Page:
The Visual Builder Cloud Service Blog

  • November 27, 2018

Advanced Business Object Validation with Groovy

Shay Shmeltzer
Director of Product Management - Oracle

One of the powerful aspects of  Visual Builder's business objects is the ability to leverage Groovy code to implement complex logic for them. You can leverage Groovy in triggers, validators, and object functions - all residing under the "Business Rules" tab in Visual Builder design time.

Groovy is quite a simple language, but when coding with the business objects in VB it is helpful to be aware of some unique methods that you can leverage to manipulate your business objects. We now have a book that provide a reference for Groovy usage in Visual Builder - check out the "Groovy Scripting Reference".

One section that is specifically useful is the one titled "Accessing the View Object for Programmatic Access to Business Objects" as it shows you how to work with the data in a business object. Here is an example of how this can be useful.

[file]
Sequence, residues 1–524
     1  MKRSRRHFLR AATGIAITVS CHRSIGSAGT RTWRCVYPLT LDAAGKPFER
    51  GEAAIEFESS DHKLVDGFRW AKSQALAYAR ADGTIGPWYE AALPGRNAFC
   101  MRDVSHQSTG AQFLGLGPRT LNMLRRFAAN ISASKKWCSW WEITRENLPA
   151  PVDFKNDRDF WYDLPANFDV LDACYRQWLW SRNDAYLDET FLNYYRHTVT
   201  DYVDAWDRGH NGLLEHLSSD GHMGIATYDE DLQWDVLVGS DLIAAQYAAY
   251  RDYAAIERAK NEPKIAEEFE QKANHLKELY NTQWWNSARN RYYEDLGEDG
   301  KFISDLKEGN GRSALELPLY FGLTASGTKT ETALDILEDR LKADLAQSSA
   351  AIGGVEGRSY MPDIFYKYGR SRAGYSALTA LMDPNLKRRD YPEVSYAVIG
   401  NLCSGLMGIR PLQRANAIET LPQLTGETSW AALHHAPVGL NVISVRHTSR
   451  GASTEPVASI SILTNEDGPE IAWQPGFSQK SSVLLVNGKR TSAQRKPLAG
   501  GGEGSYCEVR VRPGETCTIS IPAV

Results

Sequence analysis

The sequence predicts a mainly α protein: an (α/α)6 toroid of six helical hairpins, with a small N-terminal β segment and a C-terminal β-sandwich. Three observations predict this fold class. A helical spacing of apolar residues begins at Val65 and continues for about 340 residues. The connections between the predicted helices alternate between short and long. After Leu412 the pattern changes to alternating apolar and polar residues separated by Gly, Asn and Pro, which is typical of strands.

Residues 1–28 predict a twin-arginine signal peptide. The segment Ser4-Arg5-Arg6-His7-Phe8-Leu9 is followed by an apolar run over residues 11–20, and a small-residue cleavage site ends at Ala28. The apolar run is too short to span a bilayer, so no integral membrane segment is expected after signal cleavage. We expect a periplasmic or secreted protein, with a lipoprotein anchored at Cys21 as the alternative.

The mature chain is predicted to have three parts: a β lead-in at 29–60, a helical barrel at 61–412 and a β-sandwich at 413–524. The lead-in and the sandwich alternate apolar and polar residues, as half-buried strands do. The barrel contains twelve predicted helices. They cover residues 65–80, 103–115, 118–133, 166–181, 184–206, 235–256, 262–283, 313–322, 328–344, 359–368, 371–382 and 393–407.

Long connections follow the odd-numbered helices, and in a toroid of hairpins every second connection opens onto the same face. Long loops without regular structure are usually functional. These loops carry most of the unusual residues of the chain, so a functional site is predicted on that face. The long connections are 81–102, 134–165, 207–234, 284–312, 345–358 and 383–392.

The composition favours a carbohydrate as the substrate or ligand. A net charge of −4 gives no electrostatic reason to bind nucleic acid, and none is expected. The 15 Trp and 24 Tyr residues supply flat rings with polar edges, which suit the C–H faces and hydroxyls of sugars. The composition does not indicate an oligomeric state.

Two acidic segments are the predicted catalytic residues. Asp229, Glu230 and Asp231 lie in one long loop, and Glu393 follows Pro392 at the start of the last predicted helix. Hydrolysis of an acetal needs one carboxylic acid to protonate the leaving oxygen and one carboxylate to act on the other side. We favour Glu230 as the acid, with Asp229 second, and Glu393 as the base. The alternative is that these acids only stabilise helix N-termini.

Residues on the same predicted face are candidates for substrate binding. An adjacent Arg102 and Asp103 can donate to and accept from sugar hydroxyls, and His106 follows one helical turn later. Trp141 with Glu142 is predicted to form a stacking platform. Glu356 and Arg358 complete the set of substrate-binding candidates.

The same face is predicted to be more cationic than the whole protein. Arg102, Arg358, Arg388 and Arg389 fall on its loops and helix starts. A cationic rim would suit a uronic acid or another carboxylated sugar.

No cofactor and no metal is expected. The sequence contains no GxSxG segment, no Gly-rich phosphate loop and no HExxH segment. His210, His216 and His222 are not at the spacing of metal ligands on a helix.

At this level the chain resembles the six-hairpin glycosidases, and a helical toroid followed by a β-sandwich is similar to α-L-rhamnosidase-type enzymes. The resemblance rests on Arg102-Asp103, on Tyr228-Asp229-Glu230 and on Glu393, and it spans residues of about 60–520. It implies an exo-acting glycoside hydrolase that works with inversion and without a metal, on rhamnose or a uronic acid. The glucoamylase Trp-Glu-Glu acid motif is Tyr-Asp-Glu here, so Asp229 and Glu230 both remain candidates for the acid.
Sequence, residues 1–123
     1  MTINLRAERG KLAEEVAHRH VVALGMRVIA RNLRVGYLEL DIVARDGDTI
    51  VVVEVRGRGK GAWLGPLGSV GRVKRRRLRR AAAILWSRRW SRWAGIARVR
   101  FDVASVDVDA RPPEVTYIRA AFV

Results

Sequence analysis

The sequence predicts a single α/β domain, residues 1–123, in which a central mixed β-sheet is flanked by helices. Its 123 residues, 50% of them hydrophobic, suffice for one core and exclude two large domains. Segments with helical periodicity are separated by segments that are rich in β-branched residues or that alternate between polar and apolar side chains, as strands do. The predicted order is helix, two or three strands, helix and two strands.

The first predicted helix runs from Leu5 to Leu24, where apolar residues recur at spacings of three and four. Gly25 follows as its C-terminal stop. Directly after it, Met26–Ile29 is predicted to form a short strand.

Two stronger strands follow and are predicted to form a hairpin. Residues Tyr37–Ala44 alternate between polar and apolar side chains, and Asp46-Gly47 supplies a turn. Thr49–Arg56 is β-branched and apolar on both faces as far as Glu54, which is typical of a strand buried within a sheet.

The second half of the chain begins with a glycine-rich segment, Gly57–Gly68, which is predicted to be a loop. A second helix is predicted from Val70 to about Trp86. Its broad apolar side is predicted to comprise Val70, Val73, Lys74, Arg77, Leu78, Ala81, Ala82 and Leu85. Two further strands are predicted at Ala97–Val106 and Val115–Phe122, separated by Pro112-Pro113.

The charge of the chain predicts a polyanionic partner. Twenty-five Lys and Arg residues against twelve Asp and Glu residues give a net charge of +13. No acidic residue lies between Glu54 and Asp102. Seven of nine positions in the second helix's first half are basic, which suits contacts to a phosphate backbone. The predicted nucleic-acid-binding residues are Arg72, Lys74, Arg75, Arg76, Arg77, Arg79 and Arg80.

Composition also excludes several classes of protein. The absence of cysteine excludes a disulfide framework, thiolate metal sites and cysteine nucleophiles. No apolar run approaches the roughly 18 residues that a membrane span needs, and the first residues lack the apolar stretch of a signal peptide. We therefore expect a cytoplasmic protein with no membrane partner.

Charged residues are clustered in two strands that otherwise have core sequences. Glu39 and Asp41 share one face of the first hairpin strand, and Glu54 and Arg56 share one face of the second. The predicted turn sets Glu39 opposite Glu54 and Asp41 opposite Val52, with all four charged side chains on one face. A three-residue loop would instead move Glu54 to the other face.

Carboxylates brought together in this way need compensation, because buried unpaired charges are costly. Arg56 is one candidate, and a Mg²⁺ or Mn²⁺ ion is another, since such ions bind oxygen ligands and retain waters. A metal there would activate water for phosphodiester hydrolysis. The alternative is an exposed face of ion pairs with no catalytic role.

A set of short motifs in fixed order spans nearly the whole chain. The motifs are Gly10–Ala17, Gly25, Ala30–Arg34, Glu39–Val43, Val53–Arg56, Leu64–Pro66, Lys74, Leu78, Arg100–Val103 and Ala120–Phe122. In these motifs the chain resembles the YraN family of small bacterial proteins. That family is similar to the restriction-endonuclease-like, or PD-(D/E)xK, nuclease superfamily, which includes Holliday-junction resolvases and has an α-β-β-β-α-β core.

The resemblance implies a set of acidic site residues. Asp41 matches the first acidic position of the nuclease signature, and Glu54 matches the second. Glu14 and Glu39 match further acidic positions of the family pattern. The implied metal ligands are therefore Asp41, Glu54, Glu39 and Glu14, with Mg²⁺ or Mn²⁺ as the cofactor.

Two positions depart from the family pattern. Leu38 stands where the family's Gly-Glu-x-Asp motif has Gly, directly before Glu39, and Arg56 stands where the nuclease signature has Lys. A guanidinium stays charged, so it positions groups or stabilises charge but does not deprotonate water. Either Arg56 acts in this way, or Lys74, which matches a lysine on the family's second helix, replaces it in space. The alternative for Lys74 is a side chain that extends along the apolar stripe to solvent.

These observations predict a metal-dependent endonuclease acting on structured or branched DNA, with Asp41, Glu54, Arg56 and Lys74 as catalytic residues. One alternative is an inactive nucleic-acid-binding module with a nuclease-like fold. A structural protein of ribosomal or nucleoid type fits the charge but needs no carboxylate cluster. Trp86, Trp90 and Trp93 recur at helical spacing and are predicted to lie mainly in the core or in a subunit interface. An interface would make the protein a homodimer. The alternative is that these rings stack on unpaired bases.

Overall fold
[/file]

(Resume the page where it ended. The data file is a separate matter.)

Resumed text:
Suppose that we have a business object called Emp with two fields in it - name and salary. We want to verify that there are no records that have the exact same values for both name and salary. To do this we can add an object level validator (we called it checkUnique):


In this validator we add a piece of groovy code that will try and fetch existing records that have the same values as the current record we are working on (adding or modifying the record). The code needs to return true if the changes/addition are ok, and false if we want to fail the validation.

Groovy Validation Logic

The code used in our example is:

def vo = newView('Emp');
vo.appendViewCriteria("name ='"+name+"' and salary = "+salary);
    def cnt = 0
    while (vo.hasNext()) {
        cnt = cnt + 1
    if (cnt > 1)
        return false
    else {
        return true

In line 1 we create a new instance of a view for the Emp object.

In line 2 we add a criteria to the view, and in it we use the values from the current record for name and salary. Note that in the condition we use ' to surround character values.

In line 3 we execute a query with this condition.

In the rest of the code we are counting how many records are returned - and if it is more than 1 record we fail the validation.

That's it - quite simple but powerful.


If you are planning to do groovy coding, you'll want to quickly review the tips I provided in this blog entry on debugging the code using the log window in Visual Builder.



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